As with so many things, the answer to “What’s the difference between a bolt and a screw?” can best be answered by saying, “It depends on who you ask”. Most people have an idea in their head of what a bolt is and what a screw is. But there are such a wide variety of both bolts and screws that it can be difficult to look at a particular fastener and know which one it is.
One Government Agency’s Opinion
Luckily, we have found a publication from the US Customs and Border Protection (CBP) titled “Distinguishing Bolts from Screws” from July 2012. This is a short document that lays out a procedure to determine the identity of an item based on visual inspection and design criteria. The technical content and illustrations are drawn from the ANSI-ASME B18.2.1 specification and the Industrial Fastener Institute Fastener Standards. These are excellent references, and we highly recommend them to those who might need more detailed information.
The CBP publication lays out four primary criteria to identify an externally threaded fastener as a bolt or a screw. If the identity cannot be determined by the primary criteria, the document provides nine supplementary criteria. For the purposes of this article, we will focus on the four primary criteria in some depth and give a brief summary of the nine supplementary criteria.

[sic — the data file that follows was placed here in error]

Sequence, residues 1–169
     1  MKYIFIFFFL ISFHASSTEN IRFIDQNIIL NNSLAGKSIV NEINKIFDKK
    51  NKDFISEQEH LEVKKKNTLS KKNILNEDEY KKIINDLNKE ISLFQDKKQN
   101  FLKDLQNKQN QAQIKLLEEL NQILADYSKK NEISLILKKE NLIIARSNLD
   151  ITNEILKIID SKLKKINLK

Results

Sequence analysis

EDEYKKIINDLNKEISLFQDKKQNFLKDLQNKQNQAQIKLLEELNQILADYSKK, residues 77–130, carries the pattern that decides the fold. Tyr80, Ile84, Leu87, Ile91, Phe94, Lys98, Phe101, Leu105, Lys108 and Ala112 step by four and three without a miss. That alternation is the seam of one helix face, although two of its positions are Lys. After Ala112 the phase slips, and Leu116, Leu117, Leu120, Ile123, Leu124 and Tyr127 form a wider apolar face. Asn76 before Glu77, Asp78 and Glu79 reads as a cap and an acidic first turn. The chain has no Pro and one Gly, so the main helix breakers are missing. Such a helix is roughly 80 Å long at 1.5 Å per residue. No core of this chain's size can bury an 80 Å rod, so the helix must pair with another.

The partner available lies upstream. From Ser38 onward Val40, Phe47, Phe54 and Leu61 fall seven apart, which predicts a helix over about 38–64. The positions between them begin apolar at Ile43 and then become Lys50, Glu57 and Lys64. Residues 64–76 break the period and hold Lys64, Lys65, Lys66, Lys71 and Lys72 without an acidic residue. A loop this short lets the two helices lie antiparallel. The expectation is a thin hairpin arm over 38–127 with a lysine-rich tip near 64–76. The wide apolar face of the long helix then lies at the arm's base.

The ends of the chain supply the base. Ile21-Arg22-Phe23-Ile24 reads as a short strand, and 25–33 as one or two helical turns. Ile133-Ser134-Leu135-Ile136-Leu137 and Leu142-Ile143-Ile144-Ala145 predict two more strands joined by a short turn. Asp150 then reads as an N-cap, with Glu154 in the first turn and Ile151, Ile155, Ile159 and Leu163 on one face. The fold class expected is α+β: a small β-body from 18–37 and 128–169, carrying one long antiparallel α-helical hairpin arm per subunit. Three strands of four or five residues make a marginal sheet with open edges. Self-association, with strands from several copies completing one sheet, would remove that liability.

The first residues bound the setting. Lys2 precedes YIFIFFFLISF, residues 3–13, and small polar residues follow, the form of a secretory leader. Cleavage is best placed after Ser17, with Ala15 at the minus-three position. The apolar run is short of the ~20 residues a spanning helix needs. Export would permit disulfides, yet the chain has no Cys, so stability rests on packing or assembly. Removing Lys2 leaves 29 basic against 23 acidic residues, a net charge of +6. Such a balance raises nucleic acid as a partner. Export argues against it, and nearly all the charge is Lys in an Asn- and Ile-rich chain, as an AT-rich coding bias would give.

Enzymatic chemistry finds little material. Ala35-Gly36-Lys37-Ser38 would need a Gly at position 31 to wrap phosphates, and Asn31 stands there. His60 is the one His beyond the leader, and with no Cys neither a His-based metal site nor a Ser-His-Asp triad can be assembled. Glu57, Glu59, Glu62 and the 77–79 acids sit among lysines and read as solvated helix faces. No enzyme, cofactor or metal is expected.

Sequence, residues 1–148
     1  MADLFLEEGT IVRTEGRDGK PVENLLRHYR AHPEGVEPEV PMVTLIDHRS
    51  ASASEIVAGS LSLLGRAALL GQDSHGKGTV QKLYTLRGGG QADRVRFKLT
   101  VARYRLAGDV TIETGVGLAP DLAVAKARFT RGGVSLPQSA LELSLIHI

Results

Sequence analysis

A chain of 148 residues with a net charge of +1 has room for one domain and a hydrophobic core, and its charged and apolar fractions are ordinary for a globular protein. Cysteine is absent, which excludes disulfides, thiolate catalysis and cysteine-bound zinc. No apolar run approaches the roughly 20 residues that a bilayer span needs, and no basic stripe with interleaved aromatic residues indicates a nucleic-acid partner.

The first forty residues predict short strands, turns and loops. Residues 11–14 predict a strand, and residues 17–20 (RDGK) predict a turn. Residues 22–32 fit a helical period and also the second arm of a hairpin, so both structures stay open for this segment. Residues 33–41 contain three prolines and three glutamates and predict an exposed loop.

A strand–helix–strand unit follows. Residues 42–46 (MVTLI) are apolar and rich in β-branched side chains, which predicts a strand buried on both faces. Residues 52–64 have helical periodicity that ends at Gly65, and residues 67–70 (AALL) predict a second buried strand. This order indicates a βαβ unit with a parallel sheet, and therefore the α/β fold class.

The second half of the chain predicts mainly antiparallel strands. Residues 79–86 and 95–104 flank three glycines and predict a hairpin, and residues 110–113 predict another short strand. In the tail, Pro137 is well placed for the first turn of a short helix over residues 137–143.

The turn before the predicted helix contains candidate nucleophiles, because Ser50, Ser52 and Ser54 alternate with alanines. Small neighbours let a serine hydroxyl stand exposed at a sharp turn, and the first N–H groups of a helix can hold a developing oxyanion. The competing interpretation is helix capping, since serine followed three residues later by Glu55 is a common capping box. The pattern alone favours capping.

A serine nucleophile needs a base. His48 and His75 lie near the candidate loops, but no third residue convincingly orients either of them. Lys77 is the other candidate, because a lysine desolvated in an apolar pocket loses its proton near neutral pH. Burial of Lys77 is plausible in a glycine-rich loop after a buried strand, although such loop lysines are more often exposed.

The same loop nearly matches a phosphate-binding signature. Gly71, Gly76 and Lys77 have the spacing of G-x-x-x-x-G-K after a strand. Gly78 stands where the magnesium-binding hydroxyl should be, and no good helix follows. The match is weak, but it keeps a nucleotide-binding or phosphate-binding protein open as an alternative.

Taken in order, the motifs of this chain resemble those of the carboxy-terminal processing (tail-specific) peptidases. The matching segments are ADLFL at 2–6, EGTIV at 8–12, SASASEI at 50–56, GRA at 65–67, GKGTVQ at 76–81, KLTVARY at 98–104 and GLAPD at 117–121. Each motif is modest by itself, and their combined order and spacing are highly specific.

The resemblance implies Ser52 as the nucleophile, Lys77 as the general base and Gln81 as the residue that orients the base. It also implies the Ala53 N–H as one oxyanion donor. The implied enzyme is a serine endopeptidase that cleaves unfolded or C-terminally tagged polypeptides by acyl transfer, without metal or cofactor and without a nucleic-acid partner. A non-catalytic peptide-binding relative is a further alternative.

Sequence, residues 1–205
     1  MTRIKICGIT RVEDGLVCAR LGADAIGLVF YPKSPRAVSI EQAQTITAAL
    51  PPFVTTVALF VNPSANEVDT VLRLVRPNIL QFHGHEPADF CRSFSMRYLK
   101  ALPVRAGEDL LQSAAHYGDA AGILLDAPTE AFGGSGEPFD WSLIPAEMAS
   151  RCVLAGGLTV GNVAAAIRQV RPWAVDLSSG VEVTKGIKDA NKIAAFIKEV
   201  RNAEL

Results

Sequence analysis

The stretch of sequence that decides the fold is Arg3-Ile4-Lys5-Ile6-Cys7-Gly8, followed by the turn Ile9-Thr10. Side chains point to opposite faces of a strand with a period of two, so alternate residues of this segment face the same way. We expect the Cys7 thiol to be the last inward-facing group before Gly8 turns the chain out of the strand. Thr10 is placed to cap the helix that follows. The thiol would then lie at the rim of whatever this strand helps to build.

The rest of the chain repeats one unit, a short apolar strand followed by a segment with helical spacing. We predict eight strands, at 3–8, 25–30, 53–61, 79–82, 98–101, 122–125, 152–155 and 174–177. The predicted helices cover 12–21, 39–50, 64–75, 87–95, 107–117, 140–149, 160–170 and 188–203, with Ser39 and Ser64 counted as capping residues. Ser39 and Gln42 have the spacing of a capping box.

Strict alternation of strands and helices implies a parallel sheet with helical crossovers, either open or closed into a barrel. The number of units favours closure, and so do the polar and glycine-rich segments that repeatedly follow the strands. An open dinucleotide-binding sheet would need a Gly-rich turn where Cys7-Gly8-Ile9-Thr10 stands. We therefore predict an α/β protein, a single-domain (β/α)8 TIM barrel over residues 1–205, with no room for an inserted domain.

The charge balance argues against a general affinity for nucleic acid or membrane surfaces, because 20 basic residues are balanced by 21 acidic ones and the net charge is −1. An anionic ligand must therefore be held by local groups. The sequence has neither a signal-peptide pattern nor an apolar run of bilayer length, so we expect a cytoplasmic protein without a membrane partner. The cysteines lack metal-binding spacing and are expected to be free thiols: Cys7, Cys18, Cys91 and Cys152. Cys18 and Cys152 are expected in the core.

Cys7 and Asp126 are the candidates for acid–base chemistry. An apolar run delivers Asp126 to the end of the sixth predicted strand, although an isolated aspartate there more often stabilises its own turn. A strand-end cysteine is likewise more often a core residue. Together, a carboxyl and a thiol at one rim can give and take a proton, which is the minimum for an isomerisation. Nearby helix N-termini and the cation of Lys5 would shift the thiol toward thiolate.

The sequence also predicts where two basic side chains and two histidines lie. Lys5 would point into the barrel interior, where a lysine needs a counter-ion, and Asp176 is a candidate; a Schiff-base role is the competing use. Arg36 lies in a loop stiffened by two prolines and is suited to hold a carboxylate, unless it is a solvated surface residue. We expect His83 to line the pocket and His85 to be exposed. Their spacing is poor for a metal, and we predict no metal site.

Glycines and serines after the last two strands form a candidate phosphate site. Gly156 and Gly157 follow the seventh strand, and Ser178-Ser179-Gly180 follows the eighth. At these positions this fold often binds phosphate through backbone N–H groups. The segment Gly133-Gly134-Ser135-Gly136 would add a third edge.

Let’s begin with a couple definitions provided by the CBP which are quoted from ANSI-ASME B18.2.1:
Bolt: A bolt is an externally threaded fastener designed for insertion through the holes in assembled parts, and is normally intended to be tightened or released by torquing a nut.
Screw: A screw is an externally threaded fastener capable of being inserted into holes in assembled parts, of mating with a preformed internal thread or forming its own thread, and of being tightened or released by torquing the head.
The four primary criteria are based on the root of these two definitions: A bolt is meant to be used with a nut, and it is tightened by torquing the nut. A screw is designed to be used in either a preformed or threaded hole, or it is capable of forming its own threaded hole. A screw is designed to be tightened by torquing the head. Each of the four criteria essentially attempts to confirm a key element of one definition or the other. If a part in question clearly satisfies any of the four criteria, it can be identified without any further examination.
Four Primary Criteria
Criterion One – Bolt – If the fastener in question has a head or other design feature that prevents turning during assembly and which can be tightened only by turning a nut, then the fastener is a bolt. This criterion is a process of elimination. Screws are designed to be tightened by turning the head, so if you can’t turn the head, the part must be a bolt.
Criterion Two – Bolt – If an externally threaded fastener has an intended function that requires it to be assembled with a nut, then the fastener is a bolt. This criterion obviously requires knowledge of the intended function of the fastener in question.
Criterion Three – Screw – If the fastener in question has a thread form that prohibits it from being assembled with a nut, then the part is a screw. This is another process of elimination situation. If the threads of a part prevent the part from being used with a nut, then the part cannot be a bolt and must be a screw.